When it's rainy out, my sister and the nanny complain my niece gets insane cabin fever. I brought over cookies to bake, but apparently she's too young to enjoy this beyond eating raw dough. Finger-painting is a no-go because she's still testing new things by tasting them. She likes crayons (both for snacking and coloring) and getting chased around the apartment. What else should I be doing?

Thanks in advance for any advice!
posted by Viola to Pets & Animals (19 answers total) 3 users marked this as a favorite
 
Best answer: How strong are you? If you have a good strong back you can carry her in a back carrier which makes getting around way easier. Parents who use them usually start this when the baby is a lot smaller and their strength builds gradually. If you have a camping backpack you could build up strength with that. and carry a lightweight collapsible stroller. always, always, always, take twice as many diapers as you think you'll need, and a couple of changes of clothing.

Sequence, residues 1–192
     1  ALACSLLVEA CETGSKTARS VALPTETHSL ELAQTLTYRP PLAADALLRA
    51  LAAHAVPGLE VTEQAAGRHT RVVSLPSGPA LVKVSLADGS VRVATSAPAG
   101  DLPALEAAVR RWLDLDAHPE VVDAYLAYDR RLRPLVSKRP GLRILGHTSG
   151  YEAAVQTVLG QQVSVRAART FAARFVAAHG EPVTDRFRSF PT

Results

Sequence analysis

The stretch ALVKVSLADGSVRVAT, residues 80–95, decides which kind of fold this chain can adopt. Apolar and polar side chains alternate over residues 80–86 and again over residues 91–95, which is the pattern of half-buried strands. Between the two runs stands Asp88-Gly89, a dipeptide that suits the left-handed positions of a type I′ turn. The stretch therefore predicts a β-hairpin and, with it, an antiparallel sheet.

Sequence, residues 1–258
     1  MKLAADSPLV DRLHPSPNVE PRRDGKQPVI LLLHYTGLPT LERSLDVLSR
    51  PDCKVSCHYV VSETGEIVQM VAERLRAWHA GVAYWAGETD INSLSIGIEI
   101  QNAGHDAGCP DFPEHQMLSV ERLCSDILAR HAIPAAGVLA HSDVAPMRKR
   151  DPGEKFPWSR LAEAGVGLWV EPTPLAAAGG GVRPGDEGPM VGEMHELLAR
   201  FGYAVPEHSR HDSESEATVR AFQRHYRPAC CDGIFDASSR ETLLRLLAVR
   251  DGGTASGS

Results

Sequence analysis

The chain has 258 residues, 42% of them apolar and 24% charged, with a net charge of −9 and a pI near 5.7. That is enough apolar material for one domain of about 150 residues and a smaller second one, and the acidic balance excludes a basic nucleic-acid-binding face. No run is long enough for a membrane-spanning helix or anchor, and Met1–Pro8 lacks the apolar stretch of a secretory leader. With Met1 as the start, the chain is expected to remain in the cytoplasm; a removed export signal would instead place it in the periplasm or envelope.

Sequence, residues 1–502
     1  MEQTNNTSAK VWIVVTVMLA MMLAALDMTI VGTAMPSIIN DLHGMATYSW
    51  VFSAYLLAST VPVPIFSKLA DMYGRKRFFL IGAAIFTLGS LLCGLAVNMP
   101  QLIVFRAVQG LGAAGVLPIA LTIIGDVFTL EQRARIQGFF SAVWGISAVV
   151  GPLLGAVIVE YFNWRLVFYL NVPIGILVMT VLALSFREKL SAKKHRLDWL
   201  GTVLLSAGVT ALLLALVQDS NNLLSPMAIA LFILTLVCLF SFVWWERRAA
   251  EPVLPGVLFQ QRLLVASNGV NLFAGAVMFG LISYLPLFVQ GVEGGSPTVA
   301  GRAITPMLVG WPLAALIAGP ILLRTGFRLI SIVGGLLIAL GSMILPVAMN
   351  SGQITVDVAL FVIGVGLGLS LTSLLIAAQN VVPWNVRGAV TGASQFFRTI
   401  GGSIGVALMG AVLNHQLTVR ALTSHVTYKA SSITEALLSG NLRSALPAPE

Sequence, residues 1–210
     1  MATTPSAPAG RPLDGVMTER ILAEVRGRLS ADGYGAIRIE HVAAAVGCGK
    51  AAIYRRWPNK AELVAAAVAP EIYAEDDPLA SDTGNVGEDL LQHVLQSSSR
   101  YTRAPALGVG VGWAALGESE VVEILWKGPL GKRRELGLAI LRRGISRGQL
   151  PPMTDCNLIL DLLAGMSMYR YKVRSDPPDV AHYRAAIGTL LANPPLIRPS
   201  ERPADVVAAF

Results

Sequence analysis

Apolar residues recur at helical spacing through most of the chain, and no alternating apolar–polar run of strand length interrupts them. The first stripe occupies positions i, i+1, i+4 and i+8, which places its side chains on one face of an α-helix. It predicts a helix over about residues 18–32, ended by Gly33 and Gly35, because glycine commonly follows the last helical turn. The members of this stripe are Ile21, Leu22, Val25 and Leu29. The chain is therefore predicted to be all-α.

Kids this age often love music and dancing. One of mine was fascinated by sculptures in large art museums at this age. Zoo, botanical gardens. Library story hours for toddlers. The beach is nice on a warm spring day, build sand castles, fly a kite.

Try to take a first aid course soon so that you feel confident you'll be able to handle the emergencies that will not occur.

Have fun!
posted by mareli at 8:47 AM on February 18, 2010


There is a really cute zoo in Prospect Park, and it's cheap (2 dollars last time I went). Not sure if it's open in winter but a quick google should solve that issue.